How we think and speak with others in mind

Aaron Mayer
4 min readNov 18, 2020


[Originally posted on Substack — sign up here]

Conscientiousness is the awareness of how your actions and behaviors are perceived by others.

Everything you do or say in a social context is going to be mediated through the senses of another person — and what is clearly and readily expressed by you may not be clearly and readily understood by them.

Conscientious people are aware of the delta between expression and perception.

To be conscientious of your own behavior and speech is to be mindful of how your actions and words will be received, processed, and internalized.

Unfortunately, we don’t live in the Avatar world where people can hook up their ponytails and experience the consciousness of another being. Until brain-to-brain interfaces become mainstream, we’re stuck with communication, which relies on a ton of intermediary steps on the route from my head to yours.

Sorry James — we’re not there yet

When communicating, it’s so easy to fall into the trap of believing that you’re expressing yourself perfectly clearly, when in fact you’re failing to get your point across at all.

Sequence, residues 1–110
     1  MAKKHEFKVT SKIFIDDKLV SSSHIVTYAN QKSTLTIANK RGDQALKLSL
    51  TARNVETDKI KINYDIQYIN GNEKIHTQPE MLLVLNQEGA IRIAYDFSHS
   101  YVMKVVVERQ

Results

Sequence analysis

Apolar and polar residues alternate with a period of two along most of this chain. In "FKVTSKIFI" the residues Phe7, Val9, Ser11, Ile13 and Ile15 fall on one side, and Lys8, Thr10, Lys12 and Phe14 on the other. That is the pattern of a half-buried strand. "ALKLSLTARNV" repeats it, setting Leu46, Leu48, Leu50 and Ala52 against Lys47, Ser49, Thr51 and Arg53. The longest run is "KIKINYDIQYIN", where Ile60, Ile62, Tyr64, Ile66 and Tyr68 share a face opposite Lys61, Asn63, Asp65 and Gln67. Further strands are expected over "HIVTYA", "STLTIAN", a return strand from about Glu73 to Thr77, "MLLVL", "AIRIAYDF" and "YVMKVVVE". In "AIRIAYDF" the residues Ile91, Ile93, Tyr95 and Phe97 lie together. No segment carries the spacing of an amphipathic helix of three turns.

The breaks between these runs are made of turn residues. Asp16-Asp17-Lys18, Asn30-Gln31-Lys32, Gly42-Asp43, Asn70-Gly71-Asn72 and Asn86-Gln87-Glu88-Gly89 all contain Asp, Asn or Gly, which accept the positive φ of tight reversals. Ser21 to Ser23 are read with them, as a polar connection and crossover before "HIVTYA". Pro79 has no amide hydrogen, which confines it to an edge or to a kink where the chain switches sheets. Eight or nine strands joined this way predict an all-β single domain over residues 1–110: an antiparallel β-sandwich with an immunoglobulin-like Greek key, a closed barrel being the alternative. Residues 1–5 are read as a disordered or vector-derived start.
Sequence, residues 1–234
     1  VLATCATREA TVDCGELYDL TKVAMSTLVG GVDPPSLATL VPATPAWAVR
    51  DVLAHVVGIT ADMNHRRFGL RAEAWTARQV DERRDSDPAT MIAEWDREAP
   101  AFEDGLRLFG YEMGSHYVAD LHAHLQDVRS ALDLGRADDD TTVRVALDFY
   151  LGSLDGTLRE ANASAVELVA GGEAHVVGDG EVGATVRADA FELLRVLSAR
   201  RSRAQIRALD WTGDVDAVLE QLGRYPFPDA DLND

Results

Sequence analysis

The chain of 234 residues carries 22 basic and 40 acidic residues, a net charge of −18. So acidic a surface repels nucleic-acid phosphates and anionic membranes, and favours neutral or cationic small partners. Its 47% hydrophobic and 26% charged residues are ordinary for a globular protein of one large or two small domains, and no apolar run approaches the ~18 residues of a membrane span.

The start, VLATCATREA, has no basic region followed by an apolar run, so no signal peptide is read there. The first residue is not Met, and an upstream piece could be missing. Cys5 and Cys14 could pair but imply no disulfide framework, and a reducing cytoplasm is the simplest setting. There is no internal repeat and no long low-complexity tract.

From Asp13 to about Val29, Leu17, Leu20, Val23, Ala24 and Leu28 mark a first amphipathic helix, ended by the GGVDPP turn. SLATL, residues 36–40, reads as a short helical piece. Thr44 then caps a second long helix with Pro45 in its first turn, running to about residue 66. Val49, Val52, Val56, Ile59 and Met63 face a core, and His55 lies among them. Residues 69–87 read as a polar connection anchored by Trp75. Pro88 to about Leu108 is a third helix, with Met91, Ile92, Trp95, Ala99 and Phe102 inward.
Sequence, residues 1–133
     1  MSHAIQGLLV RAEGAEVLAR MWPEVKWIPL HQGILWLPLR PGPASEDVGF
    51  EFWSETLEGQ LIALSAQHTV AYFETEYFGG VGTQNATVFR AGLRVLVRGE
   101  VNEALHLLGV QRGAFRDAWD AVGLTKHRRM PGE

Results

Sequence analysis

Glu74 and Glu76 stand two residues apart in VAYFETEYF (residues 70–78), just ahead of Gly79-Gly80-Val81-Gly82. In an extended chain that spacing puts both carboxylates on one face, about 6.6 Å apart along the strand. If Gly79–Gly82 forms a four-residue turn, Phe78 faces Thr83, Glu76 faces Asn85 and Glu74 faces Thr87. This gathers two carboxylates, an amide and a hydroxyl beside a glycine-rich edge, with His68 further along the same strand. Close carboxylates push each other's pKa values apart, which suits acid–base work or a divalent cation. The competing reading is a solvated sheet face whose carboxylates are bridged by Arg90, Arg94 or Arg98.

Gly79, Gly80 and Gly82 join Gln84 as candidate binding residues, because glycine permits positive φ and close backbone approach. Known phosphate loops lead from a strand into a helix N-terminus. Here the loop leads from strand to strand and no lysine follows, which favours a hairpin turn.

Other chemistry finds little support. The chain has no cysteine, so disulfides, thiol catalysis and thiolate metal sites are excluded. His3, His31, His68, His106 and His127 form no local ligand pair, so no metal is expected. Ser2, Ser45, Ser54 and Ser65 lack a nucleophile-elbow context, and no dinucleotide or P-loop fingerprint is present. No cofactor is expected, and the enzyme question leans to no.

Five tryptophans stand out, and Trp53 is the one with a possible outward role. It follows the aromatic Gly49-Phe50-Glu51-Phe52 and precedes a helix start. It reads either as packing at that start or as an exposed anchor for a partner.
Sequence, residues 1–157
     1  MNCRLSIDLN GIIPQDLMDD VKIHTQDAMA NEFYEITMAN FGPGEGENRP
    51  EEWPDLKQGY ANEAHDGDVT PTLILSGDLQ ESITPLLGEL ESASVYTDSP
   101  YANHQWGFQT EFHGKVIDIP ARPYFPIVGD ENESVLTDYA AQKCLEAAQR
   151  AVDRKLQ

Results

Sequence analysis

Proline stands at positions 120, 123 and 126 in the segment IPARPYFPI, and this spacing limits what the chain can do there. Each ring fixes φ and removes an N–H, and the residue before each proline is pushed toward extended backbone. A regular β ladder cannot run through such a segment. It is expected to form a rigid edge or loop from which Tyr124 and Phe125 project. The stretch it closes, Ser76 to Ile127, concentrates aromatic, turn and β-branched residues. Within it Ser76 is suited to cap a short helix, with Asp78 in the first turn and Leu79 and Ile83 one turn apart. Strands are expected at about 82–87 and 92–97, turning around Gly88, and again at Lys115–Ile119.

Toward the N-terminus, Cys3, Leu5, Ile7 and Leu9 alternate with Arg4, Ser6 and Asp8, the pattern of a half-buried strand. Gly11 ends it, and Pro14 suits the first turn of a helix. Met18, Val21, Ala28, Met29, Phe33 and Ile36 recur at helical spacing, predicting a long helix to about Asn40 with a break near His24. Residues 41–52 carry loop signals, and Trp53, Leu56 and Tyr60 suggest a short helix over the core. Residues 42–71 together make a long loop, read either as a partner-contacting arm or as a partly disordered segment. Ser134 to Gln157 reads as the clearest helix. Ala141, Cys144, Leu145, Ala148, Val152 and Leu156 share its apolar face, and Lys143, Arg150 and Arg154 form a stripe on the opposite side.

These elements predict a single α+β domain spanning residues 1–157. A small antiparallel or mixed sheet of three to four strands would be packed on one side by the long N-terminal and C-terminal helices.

That indicates a lack of conscientiousness.

You can’t be frustrated by someone who isn’t understanding you if you aren’t putting in the work to make yourself understood. While it would be nice if we could always express our feelings in a completely raw and unfiltered way, our expressions are mediated through another’s lens, and that necessitates a difference between the expressions we send and the messages being received.

Dancing with a partner is a prime example of when conscientiousness is absolutely necessary: a lead needs to give clear bodily signals to the follow if there’s any hope of the follow responding in kind.

To be sure, we can express ourselves in a completely raw and unfiltered way with some people (like our closest friends and lovers), but even communication between people who know each other extremely intimately will often be expressed with a sensitivity to how the listener is feeling and responding.

To say anything conscientiously is to say so with a mind to how it will be understood by…